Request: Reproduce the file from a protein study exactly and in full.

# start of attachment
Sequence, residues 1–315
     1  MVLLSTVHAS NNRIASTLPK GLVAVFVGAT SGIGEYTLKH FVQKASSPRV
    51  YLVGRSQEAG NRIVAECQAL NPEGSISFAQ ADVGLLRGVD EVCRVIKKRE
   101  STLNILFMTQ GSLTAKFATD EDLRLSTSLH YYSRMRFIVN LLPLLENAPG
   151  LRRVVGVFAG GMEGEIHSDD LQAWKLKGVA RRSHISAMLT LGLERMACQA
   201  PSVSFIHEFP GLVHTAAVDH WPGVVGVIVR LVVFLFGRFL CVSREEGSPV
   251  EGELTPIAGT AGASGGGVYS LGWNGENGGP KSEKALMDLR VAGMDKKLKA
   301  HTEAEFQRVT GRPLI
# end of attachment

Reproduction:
Sequence, residues 1–315
     1  MVLLSTVHAS NNRIASTLPK GLVAVFVGAT SGIGEYTLKH FVQKASSPRV
    51  YLVGRSQEAG NRIVAECQAL NPEGSISFAQ ADVGLLRGVD EVCRVIKKRE
   101  STLNILFMTQ GSLTAKFATD EDLRLSTSLH YYSRMRFIVN LLPLLENAPG
   151  LRRVVGVFAG GMEGEIHSDD LQAWKLKGVA RRSHISAMLT LGLERMACQA
   201  PSVSFIHEFP GLVHTAAVDH WPGVVGVIVR LVVFLFGRFL CVSREEGSPV
   251  EGELTPIAGT AGASGGGVYS LGWNGENGGP KSEKALMDLR VAGMDKKLKA
   301  HTEAEFQRVT GRPLI